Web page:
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Thursday, June 27, 2019 11:29 am

Sex, lies and political power

Evita, a must-see at the Muni

Mary Kate Smith (Eva Peron) and Greg Donathan (Juan Peron).
Photo by RT McDonald

 

The Muni Opera is staging the groundbreaking and endlessly entertaining musical Evita for the first time in a generation, and it is a must-see.

Evita is the very adult Cinderella story of Eva Duarte, a poor Argentinian girl. Through powers of seduction, Eva rises from rags to riches and marriage to Juan Peron, the autocratic president. As First Lady, Eva aligns herself (cynically some would say) with the poor and working class, winning herself and Peron enormous popularity and the enmity of the rich. Her anthem, and plea of self-justification, is the famous “Don’t Cry For Me, Argentina.” At the height of her influence, cancer overtakes her at age 33. In death she becomes a symbol of Argentina, worshipped by her people.

Evita is also about illusion and myth-making and brazen power. While Eva and Peron are the center of the story, the unlikely narrator is the iconic Marxist Che Guevara, who continually charms and challenges us. He sees Eva as a power-mad fraud. Who is Evita? Che demands. When lies are repeated often enough and loudly enough, at what point do they subdue the truth? That those questions are never fully answered on stage remains part of Evita’s power.

With the phenomenal Jesus Christ Superstar, Andrew Lloyd Webber and Tim Rice invented a revolutionary pastiche style of musical. In Evita they took a leap forward in musical sophistication and narrative ingenuity, fusing rock, liturgical music, jazz, classical and Latin music with acerbic and deeply intelligent lyrics. Evita premiered in London and New York in the late 1970s, ran on Broadway for five years and won multiple Tony Awards. Millions around the world have seen it on stage and in 1996 Evita became a feature film with Madonna and Antonio Banderas.

Back then, with the collapse of the Soviet Union, authoritarianism was waning, and the political themes in Evita seemed backward-looking. Today authoritarianism is on the rise, and it may be the perfect time to revisit this landmark musical. Curiously, in the 1980s both the UK’s Margaret Thatcher and Donald J. Trump claimed that Evita was one of their favorite musicals.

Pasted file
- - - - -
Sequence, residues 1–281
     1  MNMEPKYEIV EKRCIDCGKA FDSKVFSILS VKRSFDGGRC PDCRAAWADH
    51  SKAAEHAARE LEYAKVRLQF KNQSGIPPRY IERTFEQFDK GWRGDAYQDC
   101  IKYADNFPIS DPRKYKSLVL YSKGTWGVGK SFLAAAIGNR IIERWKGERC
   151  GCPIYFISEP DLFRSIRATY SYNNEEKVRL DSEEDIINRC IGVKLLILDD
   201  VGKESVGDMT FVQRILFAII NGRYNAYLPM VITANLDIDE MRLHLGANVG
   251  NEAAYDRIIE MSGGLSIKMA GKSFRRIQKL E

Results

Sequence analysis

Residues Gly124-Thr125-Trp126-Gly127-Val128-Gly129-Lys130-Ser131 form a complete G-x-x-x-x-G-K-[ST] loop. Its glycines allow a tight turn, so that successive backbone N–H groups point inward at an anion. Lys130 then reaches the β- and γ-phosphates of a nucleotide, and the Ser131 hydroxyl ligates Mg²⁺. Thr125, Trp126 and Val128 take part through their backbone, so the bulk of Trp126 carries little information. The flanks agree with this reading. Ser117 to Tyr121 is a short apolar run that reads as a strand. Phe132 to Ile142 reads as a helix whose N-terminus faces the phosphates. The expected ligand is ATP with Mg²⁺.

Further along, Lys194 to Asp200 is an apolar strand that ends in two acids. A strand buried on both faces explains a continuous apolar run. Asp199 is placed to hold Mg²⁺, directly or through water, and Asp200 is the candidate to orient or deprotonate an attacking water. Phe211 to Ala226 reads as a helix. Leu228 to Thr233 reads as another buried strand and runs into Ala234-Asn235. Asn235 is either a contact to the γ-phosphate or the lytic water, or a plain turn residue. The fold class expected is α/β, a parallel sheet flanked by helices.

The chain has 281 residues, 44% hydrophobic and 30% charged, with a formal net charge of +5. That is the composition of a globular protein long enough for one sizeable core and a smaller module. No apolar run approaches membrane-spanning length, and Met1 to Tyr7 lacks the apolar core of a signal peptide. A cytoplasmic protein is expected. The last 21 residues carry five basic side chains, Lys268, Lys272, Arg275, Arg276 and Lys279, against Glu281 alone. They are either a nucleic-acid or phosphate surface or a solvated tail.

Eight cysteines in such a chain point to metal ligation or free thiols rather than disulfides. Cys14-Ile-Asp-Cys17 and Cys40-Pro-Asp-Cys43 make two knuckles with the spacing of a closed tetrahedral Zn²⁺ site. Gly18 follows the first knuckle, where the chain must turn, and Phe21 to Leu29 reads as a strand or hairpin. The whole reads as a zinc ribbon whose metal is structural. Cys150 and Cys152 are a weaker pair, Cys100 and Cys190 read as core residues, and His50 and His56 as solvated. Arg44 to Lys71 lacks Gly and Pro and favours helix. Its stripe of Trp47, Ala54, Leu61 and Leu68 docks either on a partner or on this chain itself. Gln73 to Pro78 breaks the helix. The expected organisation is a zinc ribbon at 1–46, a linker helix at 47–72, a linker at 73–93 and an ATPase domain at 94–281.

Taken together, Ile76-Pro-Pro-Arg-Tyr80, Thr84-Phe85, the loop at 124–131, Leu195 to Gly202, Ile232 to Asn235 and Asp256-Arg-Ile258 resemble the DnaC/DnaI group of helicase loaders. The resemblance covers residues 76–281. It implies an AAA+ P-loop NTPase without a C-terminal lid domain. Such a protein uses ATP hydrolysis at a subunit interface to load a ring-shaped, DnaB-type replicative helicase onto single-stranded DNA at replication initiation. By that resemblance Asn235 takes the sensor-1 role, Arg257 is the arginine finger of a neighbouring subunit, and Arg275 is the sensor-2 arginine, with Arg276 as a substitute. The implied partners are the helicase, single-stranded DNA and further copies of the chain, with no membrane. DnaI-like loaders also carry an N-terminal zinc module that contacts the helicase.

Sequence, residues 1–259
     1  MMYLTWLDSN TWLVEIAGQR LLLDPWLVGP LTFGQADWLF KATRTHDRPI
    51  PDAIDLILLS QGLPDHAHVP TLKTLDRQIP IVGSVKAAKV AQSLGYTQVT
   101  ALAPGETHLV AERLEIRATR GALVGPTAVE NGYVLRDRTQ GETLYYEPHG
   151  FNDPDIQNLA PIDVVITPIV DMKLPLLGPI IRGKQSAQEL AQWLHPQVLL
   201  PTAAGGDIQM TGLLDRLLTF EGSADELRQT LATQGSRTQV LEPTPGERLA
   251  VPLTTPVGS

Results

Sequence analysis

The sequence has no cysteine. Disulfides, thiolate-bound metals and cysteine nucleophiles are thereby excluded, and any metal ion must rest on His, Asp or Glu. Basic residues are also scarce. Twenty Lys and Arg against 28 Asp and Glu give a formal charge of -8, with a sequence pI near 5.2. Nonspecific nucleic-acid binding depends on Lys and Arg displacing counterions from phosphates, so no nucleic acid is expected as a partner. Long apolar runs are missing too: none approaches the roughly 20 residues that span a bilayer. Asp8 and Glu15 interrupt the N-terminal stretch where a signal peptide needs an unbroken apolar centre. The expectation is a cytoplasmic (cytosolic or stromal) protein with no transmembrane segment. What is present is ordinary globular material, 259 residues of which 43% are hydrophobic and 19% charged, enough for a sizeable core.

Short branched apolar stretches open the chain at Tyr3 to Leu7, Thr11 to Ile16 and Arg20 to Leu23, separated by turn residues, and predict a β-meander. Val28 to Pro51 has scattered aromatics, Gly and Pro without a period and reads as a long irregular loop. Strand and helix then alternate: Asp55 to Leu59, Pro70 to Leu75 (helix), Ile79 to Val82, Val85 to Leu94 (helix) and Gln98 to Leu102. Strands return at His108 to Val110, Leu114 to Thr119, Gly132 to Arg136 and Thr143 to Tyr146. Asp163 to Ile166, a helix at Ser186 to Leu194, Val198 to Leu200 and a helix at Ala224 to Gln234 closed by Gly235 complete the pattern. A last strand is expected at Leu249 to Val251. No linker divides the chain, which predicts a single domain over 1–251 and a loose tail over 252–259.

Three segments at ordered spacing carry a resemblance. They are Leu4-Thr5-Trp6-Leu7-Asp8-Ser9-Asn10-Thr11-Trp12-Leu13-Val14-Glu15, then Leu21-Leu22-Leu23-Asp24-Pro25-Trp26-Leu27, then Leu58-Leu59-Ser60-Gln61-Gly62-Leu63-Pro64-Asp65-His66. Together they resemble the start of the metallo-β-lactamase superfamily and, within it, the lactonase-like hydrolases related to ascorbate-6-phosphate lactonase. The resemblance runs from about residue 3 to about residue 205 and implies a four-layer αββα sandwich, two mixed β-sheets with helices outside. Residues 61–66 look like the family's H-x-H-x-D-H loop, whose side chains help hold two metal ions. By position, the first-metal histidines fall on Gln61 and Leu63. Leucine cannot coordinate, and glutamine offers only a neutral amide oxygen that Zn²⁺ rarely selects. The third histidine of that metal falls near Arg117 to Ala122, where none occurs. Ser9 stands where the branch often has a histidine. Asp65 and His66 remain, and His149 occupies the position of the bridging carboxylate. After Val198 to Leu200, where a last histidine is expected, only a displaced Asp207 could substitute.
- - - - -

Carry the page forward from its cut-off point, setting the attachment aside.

At the Muni the first-rate staging, with direction by Craig Williams II and choreography by Zoey Zara, is inventive and organic. As the audience arrives, the stage is bare save for a portrait of Evita. It is the perfect choice, an empty canvas for projecting illusions and fabricating political fairy tales. The handling of the massed chorus and dancers is especially impressive and they become an additional character, alternately responding to events and driving the action forward. Like the endlessly flowing score, the staging and design create a nearly continuous stream of settings and imagery.

The role of Eva Peron is a mountain, musically and dramatically. Mary Kate Smith climbs it and she comes back down with banners. Her “Don’t Cry For Me Argentina,” is up there with the finest anywhere. Embracing the role’s contradictions, Smith is nuanced, a hurt, angry, compromised human being, using what personal strength she may have to find some kind of redemption.

Smith first appears as a 15-year-old about to embark on the first of many affairs with a second-rate Tango singer overplayed to perfection by Cory Blissett. Then Blissett surprises us, revealing the character’s care and concern for the young Eva. We see Blissett twice more in this role and then miss him for the rest of the show.

Greg Donathan, with his encompassing voice, brings welcome complexity to Peron, both loving and ambivalent. His scenes with Smith’s Eva feel lived-in and authentic, from their meeting in “I’d Be Surprisingly Good for You” to her deathbed.

In a show about bluster and illusion, the lament by Peron’s ex-mistress, “Another Suitcase in Another Hall,” is one of the few moments of honesty, sung with heartbreaking beauty by Hope Cherry.

As Che, Daniel Maughan is appropriately callow and angry. By the end he is still angry, but wiser, and a revolutionary. He is impressive throughout, and Maughan’s vocal power just keeps pouring over us.
This Evita features exceptional music-making with vocal direction under Christie Lazarides. Jaime Escatel ably led the orchestra through the complex score with admirable communication between pit and stage.
The Muni is a Springfield tradition. Its new presentation of Evita is a thought-provoking, entertaining and beautiful show.

Evita continues June 26-30 at 8:30 p.m. at The Muni, 815 East Lake Shore Drive in Springfield. themuni.org. For the curious, Google “Peronism,” about the Argentine political movement started by Juan and Eva Peron.  

Dennis Thread is a freelance writer/filmmaker/creative director with experience on Broadway, television, opera, documentaries and in corporate and institutional communications. He is a recently returned Springfield native.

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